Meet Enso – and like your keyboard again…

July 12, 2007 at 16:06 Leave a comment

ENSO Launcher LogoFor lots of people removing a hand from the keyboard to use the mouse is annoying, and picking through menus is slow. They prefer to use keyboard shortcuts, but these shortcuts must be memorized and can vary program to program.

Wouldn’t it be nice if there’s a tool which allows you do do all of the above, cross-application ? Drumroll… Enter Enso

Enso Launcher costs $25, and Enso Words costs $40. Both have a 30-day free trial. For now, they work only on Windows XP — not the new Windows Vista or the Macintosh.

Love your computer again...Enso allows you to use keyboard commands to do common tasks. But this back-to-the-future system is different from the old approach. Its commands needn’t be memorized, because they are entered in plain English. And they stay the same no matter what program you’re using.

 

This nifty piece of sofwtare comes from a small company called Humanized Inc. Interestingly, it’s president, Aza Raskin, is the son of the late Jef Raskin, an early Apple employee who worked on the Macintosh. Enso is dedicated to his memory.

Mozilla Marriage ?

Interesting article on Mozilla Labs recently: The Graphical Keyboard User Interface, where Alex Faabor, plays with the idea to include Enso-like technology into Mozilla.

His conclusion:

 

    • Just because the command line predated the graphical user interface doesn’t mean interfaces based on windows, icons, menus and pointers are always superior to interfaces based around using the keyboard for input.
    • Designing interfaces based solely around the mouse and standard GUI widgets, and adding keyboard accelerators as an afterthought, does not always result in creating the most effective and streamlined user interfaces for advanced users.
    • Interaction designers should consider designing keyboard-based graphical user interfaces, to simultaneously take advantage of both high bandwidth input, and high bandwidth output.

Two versions of Enso

 

There are two initial Enso products, which can be downloaded at humanized.com.

 

  • One, called Enso Launcher, allows you to launch programs and switch among windows via typed commands.
  • The other, called Enso Words, allows you to do spell-checking, even when the program you’re using doesn’t include that capability, and to look up the meaning of words.

Both products also include a simple calculator and the ability to launch Google searches.

Enso Launch

 

 

Enso Launch is dead simple to use. You just hold down the Caps Lock key and type an Enso command, which is displayed in a translucent overlay.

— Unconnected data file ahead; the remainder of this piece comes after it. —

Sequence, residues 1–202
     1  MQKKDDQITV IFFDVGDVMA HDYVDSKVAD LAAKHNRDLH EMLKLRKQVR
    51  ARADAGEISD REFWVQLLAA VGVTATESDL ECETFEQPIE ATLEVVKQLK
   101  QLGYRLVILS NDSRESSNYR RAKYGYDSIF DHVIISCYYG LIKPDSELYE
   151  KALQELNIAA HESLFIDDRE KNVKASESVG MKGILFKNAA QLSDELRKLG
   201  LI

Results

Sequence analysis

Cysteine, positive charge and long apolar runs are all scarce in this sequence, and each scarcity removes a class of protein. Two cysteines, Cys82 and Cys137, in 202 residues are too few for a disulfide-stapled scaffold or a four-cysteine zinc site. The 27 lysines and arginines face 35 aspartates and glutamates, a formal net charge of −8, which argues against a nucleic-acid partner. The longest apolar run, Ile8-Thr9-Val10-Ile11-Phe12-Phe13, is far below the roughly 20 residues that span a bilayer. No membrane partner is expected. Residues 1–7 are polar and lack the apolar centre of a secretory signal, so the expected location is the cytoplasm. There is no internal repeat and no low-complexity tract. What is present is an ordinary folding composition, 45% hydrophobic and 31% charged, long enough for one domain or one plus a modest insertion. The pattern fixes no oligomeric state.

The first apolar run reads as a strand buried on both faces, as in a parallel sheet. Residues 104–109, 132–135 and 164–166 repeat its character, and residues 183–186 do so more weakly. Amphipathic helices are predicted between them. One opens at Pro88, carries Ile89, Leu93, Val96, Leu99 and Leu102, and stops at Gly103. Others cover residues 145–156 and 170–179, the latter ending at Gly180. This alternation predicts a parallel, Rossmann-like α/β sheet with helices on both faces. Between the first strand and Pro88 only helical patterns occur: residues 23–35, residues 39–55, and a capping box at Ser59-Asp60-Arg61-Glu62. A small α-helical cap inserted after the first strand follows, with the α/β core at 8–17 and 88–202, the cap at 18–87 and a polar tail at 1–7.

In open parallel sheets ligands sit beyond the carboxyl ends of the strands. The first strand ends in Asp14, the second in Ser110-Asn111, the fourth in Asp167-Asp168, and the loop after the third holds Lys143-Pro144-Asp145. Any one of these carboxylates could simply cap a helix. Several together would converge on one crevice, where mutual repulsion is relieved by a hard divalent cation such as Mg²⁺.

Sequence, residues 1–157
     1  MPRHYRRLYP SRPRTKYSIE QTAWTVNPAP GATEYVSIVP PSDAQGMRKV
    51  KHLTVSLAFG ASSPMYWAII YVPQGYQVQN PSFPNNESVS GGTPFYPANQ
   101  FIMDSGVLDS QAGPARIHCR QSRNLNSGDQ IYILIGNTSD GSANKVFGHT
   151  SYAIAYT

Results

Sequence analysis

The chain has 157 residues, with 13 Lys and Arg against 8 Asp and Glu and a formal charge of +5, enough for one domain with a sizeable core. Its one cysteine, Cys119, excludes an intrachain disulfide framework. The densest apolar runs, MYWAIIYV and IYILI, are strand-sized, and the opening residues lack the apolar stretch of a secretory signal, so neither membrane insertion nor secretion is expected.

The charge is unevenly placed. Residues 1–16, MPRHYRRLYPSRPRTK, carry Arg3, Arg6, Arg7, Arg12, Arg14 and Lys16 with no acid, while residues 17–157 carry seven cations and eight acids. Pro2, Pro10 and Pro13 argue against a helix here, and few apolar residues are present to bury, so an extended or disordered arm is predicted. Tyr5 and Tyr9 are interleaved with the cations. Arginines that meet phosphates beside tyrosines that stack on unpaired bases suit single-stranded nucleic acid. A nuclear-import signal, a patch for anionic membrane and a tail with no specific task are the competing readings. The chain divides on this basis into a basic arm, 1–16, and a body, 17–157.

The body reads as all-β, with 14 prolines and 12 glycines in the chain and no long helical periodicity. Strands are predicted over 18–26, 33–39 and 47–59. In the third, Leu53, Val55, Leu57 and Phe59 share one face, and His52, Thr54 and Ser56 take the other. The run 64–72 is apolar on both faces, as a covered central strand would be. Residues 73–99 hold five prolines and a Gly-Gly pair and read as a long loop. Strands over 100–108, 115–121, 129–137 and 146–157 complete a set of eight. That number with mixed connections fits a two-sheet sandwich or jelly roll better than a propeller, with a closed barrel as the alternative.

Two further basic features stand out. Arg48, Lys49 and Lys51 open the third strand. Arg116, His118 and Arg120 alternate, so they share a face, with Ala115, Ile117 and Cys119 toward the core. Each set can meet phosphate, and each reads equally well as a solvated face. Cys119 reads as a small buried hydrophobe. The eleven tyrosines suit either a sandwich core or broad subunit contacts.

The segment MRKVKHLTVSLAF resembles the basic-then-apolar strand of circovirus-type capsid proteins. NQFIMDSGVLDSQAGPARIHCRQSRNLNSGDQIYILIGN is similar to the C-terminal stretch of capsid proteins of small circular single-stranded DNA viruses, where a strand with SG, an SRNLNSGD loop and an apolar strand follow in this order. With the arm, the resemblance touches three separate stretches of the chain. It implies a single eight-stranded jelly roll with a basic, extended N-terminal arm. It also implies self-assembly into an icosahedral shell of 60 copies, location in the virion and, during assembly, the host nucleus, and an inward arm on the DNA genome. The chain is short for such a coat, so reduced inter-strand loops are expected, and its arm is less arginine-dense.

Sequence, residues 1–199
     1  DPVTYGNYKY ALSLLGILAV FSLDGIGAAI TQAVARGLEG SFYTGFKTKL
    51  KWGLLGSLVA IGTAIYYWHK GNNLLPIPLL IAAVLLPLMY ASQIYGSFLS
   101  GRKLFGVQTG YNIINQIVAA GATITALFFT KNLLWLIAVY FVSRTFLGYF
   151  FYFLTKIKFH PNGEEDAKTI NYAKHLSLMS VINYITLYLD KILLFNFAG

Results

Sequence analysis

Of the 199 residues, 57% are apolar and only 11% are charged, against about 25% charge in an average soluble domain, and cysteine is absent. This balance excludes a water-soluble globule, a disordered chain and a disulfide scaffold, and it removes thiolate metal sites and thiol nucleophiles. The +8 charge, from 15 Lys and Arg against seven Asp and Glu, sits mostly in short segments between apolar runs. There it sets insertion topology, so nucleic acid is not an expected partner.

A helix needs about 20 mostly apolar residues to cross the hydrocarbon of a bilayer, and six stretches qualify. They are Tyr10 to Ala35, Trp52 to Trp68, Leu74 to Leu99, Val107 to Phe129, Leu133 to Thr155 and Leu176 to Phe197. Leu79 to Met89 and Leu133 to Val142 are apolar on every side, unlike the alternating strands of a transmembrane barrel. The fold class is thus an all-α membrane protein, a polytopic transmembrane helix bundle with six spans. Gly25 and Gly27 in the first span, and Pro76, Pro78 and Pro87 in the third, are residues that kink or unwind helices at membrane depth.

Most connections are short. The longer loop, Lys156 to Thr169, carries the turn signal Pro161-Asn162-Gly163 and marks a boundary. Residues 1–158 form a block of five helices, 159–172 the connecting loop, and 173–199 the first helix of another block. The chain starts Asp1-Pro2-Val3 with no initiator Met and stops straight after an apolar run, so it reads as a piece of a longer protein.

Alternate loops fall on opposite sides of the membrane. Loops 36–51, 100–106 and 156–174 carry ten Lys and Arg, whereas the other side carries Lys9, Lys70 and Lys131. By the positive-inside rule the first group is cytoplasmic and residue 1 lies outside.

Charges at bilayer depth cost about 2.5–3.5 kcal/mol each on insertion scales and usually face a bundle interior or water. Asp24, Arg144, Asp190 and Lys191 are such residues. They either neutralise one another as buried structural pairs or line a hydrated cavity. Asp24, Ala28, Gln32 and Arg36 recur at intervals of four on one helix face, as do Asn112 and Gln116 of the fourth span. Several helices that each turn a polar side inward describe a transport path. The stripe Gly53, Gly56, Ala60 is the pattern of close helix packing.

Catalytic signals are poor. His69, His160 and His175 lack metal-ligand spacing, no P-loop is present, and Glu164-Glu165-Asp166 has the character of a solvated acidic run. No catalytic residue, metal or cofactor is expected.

Once the command is typed, you simply release the Caps Lock key to activate it, and the overlay disappears. If you type fast, it all happens in a flash.

 

For instance, to launch the calculator, just hold down the Caps Lock key and type “open calculator” (Even “open c“) does the trick…

ENSO Launcher Open Command

 

To look up the meaning of the word “proclivity,” you just hold down the Caps Lock key and type “define proclivity.”

 

 

 

 

 

 

 

Enso commands are faster to enter than they might seem. The program auto-completes the commands as you start typing, and it provides the likely choices in its translucent overlay, which you can navigate with your arrow keys. Suppose you want to open the Windows calculator program. You hold down Caps Lock and type “open calc,” and Enso Launcher completes the suggested command “open calculator.” Even before that, when you typed “open cal,” the drop-down list appeared, with “open calculator” at the top.

 

In addition to “open,” Enso Launcher also has a command called “go,” which can take you to any open window or tab in a Web browser. While I was writing this paragraph in Microsoft Word, I held down the Caps Lock key and typed “go gmail” to get to my GMail page, which I had open in a tab in Firefox.

 

There are also commands for quitting programs and for closing, maximizing and minimizing windows.

Enso Words

 

In Enso Words, you can select any text in *any* program, then hold down Caps Lock and type “spellcheck.” This way, you can get a spell checker in e.g. Notepad !

ENSO Words Spellcheck

An overlay window appears, with your selected text. Any misspelled words are highlighted, and you can correct them by either retyping or choosing from a list of suggestions. When you’re finished, you just press Caps Lock and type “done,” and the corrected word appears where you were entering it. If the selected text contains no errors, Enso tells you it’s correct.

 

This spell-checker is clumsier than the built-in checkers in programs like Microsoft Word, but it might be handy in instant-messaging programs or Web-based email programs, or in other Web pages where spell-checking isn’t built in.

 

The “define” command also brings up a thesaurus, as well as dictionary definitions. In addition to typing the word you want to look up into Enso, you can also select a word already on your screen and just hold down Caps Lock and type “define” or “thesaurus” to get an answer from Enso. And you can select a block of text on your screen and use Enso’s “word count” or “character count” commands to measure it.

 

Conclusion

Enso isn’t for everyone. If you’re fine with the mouse, menus and icons, you may not want it. But for keyboard addicts, it could be a blast from the past.

And 20 USD is as good as “free”.

More info

 

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Entry filed under: Firefox & Thunderbird, Google, Technology.

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